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Dr Katherine Wood, a postdoctoral researcher in the Goriely lab and Junior Research Fellow at the Oxford Centre for Personalised Medicine, writes about her recent public engagement event with students on the creative media course at Abingdon and Witney College.

Lego figures circling a drawing of the earth © Abingdon & Witney College

This month, I ran an outreach and engagement project along with postdocs Dr Alex Martin-Geary, Dr Ruby Dawes and Dr Hyung Chul Kim from the Big Data Institute. Myself, Alex and the team delivered a brief to Creative Media students from Abingdon and Witney College to create short stop-motion genetics-based videos using LEGOTM. With this project, we aimed to show that genetics can be fun, that anyone can get involved, and to convey important and serious scientific information in an easily digestible, interactive format to inspire more young people to take an interest in genetics.


We provide the students with scripts for a primer video giving a brief overview of key genetic concepts and three videos explaining genetic conditions (spinal muscular atrophy, beta-thalassemia, and sickle cell anaemia) which disproportionately affect underrepresented populations. They then had three days to produce their videos in small groups under the mentorship of the postdoc team and teachers Joe and Alun from the college. The final animations were premiered at an event at the Big Data Institute the following week.


The project was a tremendous success. The students (most of whom had no, or very little, science background) really engaged with the brief and showed an interest in the genetics underlying the scripts. They worked extremely hard; the final videos were of outstanding quality and incredibly creative. Inviting the students to the university for the screening event was fantastic, as it gave them an insight into biomedical research and having an audience of senior researchers highlighted how impactful work like this can be. The college has already expressed an interest in running the project again next year with the new intake of students on the creative media course, with the hope it can become a fixed part of the curriculum for the students. The videos have also been a massive hit on social media, with thousands of views and many likes and retweets from key names in the genetics, genomics and medical field in the UK.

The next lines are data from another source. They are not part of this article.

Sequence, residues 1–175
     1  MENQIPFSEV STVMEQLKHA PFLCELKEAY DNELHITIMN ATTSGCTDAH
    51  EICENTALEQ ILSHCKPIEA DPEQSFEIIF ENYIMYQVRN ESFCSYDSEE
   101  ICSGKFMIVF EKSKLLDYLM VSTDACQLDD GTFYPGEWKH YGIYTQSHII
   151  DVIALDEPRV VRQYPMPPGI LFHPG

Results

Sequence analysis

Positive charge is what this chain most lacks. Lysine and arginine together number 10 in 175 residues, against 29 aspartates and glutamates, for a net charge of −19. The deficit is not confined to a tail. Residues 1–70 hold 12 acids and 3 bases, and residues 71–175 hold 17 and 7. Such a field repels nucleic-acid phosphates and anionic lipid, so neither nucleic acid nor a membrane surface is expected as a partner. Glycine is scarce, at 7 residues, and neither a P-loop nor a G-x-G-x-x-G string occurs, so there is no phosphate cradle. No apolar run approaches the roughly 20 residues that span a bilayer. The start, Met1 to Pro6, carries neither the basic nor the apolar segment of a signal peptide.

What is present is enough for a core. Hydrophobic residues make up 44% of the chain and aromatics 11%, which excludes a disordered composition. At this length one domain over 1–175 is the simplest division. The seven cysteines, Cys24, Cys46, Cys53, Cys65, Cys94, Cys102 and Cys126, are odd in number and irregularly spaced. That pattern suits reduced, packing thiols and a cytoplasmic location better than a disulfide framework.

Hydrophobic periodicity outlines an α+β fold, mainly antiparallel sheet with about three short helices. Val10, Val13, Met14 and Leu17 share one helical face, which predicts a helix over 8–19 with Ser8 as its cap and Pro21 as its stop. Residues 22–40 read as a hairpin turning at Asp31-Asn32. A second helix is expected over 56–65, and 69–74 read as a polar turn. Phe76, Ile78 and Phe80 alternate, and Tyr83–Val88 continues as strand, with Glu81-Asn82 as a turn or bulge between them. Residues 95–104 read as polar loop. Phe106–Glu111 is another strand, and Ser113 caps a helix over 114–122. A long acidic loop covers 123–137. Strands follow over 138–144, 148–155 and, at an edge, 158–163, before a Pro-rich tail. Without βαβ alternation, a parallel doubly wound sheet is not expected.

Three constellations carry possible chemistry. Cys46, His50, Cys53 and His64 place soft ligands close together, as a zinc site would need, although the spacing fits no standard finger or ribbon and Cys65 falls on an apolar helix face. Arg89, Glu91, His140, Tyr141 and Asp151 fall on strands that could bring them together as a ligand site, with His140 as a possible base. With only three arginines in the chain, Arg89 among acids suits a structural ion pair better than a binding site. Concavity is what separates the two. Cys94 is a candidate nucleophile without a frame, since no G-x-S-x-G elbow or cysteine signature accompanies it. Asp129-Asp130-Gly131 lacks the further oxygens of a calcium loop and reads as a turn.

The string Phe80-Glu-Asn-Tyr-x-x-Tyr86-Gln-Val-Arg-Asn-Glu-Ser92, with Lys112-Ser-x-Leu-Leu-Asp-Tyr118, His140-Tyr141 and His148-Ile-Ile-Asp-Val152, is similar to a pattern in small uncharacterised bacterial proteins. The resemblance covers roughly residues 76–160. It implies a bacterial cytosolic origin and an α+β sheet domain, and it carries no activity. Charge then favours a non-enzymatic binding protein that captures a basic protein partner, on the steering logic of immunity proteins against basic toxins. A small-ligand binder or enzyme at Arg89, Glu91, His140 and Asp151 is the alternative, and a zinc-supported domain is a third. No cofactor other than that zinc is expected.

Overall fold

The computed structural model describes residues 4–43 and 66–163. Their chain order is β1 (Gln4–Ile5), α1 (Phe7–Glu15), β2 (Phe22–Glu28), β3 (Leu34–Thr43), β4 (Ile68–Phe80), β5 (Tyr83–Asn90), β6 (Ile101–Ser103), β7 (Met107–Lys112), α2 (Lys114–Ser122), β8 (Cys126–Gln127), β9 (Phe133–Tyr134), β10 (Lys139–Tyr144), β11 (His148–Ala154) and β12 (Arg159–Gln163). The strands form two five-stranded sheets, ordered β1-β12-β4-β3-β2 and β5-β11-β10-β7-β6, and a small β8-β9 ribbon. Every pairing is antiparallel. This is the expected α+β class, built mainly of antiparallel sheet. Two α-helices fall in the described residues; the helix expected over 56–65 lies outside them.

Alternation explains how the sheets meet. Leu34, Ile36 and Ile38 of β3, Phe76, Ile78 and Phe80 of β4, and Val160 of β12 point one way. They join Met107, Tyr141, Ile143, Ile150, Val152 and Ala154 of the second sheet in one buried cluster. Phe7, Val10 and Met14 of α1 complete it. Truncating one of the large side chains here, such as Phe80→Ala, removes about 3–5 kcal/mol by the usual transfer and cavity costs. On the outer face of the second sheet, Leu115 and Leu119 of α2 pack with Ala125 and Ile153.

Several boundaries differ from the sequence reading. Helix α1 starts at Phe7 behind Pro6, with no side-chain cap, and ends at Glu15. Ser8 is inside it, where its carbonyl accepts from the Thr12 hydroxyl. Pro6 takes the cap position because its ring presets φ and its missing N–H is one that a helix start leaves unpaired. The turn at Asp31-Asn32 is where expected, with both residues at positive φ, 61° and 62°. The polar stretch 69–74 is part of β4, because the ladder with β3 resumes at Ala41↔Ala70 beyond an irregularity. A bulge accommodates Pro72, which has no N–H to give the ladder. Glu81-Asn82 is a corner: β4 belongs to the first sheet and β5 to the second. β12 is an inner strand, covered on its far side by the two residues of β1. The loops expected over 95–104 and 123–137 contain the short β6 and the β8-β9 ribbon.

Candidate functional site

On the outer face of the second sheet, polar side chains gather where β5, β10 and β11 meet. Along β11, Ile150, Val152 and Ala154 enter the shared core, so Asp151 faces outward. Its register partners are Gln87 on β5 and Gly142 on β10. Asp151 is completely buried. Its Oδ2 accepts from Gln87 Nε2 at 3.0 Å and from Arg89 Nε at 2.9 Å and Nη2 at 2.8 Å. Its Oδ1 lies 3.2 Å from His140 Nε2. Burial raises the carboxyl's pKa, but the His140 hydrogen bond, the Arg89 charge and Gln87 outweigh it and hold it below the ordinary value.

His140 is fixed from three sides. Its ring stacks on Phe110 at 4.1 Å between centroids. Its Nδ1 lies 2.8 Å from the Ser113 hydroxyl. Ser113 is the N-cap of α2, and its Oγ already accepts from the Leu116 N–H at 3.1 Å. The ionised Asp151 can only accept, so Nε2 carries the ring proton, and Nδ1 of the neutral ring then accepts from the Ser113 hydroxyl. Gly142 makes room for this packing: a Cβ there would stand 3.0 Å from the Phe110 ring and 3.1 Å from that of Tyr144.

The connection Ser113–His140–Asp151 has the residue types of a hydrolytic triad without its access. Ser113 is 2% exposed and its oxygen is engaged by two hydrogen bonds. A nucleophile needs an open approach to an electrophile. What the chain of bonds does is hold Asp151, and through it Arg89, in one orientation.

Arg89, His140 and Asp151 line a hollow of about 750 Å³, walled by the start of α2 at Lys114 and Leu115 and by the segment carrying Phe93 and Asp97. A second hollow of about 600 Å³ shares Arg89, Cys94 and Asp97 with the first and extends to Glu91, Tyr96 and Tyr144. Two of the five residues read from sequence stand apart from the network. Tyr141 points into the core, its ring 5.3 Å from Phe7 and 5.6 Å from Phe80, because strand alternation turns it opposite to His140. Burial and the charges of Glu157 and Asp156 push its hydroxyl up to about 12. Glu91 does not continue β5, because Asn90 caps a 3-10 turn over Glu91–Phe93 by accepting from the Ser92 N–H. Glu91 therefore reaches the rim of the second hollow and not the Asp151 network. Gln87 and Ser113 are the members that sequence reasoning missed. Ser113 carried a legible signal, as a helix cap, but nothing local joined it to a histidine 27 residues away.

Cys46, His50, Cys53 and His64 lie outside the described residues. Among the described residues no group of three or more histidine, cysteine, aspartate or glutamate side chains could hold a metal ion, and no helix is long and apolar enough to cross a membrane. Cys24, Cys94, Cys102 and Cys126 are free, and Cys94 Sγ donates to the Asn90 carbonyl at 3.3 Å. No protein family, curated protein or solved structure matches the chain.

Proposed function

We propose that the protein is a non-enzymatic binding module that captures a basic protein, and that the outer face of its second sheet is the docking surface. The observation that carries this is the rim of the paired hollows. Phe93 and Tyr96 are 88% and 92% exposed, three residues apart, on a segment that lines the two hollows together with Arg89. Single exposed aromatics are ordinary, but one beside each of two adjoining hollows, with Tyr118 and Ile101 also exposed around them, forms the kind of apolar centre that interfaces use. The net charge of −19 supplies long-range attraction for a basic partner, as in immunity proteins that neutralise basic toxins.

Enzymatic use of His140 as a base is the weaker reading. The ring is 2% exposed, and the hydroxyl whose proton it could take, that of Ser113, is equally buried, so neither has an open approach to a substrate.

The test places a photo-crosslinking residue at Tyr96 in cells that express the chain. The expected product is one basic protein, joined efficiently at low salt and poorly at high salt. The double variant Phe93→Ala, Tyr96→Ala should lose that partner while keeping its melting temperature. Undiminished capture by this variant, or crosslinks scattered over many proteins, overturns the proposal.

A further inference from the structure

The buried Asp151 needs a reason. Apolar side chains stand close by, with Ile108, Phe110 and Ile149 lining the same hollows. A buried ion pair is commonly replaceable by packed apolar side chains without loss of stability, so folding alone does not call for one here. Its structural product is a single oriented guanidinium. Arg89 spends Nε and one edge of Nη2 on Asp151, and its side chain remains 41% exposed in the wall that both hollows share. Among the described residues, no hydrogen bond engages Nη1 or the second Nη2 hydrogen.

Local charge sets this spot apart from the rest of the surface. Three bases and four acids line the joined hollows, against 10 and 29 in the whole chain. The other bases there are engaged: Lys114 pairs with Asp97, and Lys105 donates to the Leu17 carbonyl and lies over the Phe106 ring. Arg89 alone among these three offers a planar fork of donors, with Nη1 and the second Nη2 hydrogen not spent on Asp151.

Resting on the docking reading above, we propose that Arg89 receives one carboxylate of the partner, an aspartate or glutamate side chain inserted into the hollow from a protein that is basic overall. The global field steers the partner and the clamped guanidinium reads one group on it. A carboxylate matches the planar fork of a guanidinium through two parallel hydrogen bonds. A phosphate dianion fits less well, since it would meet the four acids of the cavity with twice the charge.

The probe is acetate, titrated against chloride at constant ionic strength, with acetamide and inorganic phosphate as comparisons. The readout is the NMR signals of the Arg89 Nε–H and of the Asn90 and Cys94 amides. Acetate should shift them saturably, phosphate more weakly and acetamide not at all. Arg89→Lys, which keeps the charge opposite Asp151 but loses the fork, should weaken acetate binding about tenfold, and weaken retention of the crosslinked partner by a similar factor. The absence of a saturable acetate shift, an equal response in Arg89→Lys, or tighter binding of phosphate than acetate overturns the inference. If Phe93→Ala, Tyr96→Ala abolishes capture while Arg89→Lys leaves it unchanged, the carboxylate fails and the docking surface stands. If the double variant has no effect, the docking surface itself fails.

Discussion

Alex, Ruby and Hyung Chul and I would like to thank Joe and Alan from Abingdon and Witney College for all their work making the project happen; the Oxford Centre for Personalised Medicine; Professor Anne Goriely, Associate Professor Nicky Whiffin and Professor Cecilia Lindgren; and most of all the students for their outstanding efforts in making the project a success!